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Debunking myths on CPEC
Posted:May 25, 2017
 
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By Ahsan Iqbal
 
Recently, quite a few stories have appeared on the China-Pakistan Economic Corridor (CPEC) in both local and international publications. A lot of traction was gained by the cynics of CPEC by reporting factually incorrect information. Consequently, myth spurring on CPEC is on the rise. I am going to take this opportunity to debunk these myths by stating the facts.
 
A pointless controversy was created on the Long Term Plan (LTP) by a recent article featured in a local English-language newspaper. The report published as ‘LTP’ in that article was an initial draft by the China Development Bank (CDB) and not a part of the agreed LTP. That article basically cherry-picked information from different sources to present a distorted picture of the LTP. The fact is that the government of Pakistan has prepared its own plan after multiple stages of consultation with provinces, federal ministries and their respective technical groups. The LTP has been prepared to develop Pakistan in line with the seven pillars of Vision 2025 which are predicated on the notion of inclusive and sustainable development. The main pillars of LTP are connectivity, energy, industries and industrial parks, agricultural development and poverty alleviation, tourism, cooperation in areas concerning people’s livelihood and financial cooperation. It was shared with the Chinese authorities following approval by the cabinet.
 
The Chinese side has given its approval in principle, however, its formal approval is expected by the end of this month, as our Chinese counterparts were occupied by the Belt Road Forum. As soon as we get the official approval from the Chinese side, we will put the LTP on the CPEC website.
 
One of the biggest myths propagated on CPEC is that Pakistan might become a colony/province of China. Any historian would tell you that colonialism and imperialism are legacies of countries of the global north. China has never invaded any country nor harboured any imperial designs. Cynics point out towards rising trade deficit with China as a reason to show concern on CPEC. The reality is that China’s competitiveness in exports is universal and not idiosyncratic to Pakistan. Pakistan’s current trade deficit with China is $6.2 billion. In comparison, India’s trade deficit with China stands at $47 billion. The US trade deficit with China is $347 billion. Based on these trade deficit numbers, is it appropriate to infer that the US or India are becoming colonies/provinces of China? Certainly not. Similarly, it is ludicrous to make such claims about the Pakistan-China relationship. Both countries respect the sovereignty of each other and CPEC is based on the shared vision of both countries: Vision 2025 and OBOR.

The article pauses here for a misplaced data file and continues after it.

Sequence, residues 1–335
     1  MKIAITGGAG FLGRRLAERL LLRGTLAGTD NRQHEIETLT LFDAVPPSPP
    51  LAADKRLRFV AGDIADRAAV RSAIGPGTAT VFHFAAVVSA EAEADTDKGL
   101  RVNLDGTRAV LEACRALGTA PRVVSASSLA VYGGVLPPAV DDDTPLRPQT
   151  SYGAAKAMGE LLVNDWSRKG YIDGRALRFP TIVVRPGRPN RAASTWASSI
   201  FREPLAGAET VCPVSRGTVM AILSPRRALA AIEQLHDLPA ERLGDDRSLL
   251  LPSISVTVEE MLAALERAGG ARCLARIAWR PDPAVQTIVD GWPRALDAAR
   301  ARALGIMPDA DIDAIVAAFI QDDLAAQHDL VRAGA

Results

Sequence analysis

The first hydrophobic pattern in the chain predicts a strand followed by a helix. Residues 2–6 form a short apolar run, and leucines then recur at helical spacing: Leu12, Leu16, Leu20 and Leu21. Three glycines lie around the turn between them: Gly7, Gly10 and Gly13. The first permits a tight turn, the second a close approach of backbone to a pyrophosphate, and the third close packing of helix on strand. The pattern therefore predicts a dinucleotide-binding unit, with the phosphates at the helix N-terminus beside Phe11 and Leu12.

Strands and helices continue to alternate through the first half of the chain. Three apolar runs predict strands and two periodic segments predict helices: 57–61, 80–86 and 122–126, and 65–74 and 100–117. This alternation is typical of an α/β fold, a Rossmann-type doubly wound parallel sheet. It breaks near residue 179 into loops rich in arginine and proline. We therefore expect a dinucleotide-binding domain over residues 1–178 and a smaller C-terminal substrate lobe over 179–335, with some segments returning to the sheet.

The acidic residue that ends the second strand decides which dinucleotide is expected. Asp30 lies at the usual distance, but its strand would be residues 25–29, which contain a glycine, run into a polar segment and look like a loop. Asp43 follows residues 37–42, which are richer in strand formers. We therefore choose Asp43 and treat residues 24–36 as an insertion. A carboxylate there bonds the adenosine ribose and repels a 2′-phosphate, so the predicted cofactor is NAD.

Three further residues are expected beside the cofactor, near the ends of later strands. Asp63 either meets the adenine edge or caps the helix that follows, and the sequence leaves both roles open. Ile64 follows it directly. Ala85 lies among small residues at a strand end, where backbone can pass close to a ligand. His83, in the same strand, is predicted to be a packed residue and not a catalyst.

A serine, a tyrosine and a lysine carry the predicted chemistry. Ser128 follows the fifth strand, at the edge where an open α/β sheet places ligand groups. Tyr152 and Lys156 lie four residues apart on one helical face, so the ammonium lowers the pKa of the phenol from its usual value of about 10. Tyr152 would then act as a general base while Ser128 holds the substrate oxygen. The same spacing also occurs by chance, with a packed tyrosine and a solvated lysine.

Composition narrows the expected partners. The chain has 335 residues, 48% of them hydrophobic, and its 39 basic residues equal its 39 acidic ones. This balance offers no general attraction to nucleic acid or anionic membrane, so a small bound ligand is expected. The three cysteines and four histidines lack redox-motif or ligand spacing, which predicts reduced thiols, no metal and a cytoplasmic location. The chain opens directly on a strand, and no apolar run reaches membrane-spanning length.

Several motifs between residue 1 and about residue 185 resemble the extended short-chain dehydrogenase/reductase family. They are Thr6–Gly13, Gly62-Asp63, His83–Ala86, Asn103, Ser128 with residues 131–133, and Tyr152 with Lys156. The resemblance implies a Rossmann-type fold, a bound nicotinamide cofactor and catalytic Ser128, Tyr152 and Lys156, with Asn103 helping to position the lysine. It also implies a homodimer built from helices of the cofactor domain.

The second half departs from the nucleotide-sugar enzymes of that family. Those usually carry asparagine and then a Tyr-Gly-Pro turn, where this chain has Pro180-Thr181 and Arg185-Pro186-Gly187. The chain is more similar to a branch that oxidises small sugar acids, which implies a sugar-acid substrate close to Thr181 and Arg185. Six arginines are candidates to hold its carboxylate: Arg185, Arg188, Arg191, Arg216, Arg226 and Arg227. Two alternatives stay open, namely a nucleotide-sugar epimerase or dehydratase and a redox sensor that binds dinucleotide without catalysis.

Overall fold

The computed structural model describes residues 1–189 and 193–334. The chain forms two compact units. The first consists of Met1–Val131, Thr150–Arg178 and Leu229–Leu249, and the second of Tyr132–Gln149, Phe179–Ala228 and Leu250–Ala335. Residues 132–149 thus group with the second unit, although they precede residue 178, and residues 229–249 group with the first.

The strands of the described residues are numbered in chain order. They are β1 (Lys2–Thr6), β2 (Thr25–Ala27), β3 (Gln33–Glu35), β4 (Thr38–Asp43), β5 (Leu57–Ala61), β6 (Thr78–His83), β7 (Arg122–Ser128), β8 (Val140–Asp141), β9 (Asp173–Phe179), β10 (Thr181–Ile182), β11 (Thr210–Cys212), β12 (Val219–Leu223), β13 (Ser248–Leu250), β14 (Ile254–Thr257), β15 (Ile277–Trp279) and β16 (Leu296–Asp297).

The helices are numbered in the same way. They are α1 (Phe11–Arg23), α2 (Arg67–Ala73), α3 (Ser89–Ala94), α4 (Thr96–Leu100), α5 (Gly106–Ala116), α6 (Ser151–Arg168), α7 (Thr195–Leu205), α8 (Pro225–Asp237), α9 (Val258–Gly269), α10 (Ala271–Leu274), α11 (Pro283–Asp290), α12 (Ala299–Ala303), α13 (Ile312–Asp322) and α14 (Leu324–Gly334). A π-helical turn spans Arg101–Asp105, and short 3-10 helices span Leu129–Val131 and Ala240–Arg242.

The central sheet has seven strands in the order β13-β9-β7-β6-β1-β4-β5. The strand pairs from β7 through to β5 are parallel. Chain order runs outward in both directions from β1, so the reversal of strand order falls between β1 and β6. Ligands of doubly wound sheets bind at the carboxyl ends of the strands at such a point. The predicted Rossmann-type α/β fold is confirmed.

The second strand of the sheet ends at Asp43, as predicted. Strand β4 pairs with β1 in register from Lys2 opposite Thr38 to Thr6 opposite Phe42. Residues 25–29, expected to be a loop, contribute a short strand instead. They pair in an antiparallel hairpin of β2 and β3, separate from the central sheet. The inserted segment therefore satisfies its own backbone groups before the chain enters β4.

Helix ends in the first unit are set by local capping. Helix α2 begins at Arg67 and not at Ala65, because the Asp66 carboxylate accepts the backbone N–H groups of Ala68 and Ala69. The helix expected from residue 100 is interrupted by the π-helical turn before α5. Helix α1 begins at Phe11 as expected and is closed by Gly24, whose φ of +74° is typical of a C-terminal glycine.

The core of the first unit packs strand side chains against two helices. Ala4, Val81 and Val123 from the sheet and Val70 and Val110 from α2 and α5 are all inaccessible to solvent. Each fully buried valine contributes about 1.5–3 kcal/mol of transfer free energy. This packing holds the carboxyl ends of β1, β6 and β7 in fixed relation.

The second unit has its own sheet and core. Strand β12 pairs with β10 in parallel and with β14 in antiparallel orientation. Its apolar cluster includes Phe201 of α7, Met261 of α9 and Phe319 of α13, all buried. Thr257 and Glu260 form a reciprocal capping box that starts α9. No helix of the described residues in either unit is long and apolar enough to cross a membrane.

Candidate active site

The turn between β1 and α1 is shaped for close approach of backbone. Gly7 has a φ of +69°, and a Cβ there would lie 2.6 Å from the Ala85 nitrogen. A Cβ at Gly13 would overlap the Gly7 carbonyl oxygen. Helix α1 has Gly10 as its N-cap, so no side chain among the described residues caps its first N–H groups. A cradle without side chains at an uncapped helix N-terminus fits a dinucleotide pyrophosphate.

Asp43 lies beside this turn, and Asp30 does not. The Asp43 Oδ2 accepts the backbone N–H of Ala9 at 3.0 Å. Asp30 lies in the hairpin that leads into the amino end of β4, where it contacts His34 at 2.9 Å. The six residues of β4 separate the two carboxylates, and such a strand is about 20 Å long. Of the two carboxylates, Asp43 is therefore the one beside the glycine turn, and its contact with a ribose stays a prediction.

At present, only a few thousand Chinese nationals are living in Pakistan and making a positive contribution towards our economy, the majority of them fall in the category of temporary labour migrants who will return back upon completion of the projects. In contrast, around 8 million Chinese are living in Malaysia, 400,000 in France; 600,000 in Japan; 900,000 in Canada and over 2.5 million are living in the US. Therefore, to say that Chinese are overtaking Pakistani society is nothing but a farce. Chinese nationals working in Pakistan are our national guests as they are helping us to build a developed Pakistan.
 
Another myth spread on CPEC is that China is dictating terms to Pakistan and the federal government is not consulting the provinces. The reality is quite the opposite. China and Pakistan work jointly in making an overall planning for a unified development of CPEC projects. In this regard, the Long Term Plan, Transport Monographic Study and respective MoUs guide the policy for CPEC.
 
All provinces have been consulted and invited to all meetings within Pakistan and abroad for their recommendations and review of CPEC projects. Earlier this month, the chief ministers of all four provinces under the leadership of PM Sharif attended OBOR Summit in China. On 29th December 2016, all CMs participated in the 6th JCC meeting which was held in Beijing. For institutional arrangement and development of CPEC, the National Development and Reform Commission (NDRC) of China along with the Planning, Development & Reform Ministry of Pakistan have constituted subsidiary working groups of the Joint Cooperation Committee (JCC) on planning, transport infrastructure, energy, Gwadar and industry cooperation.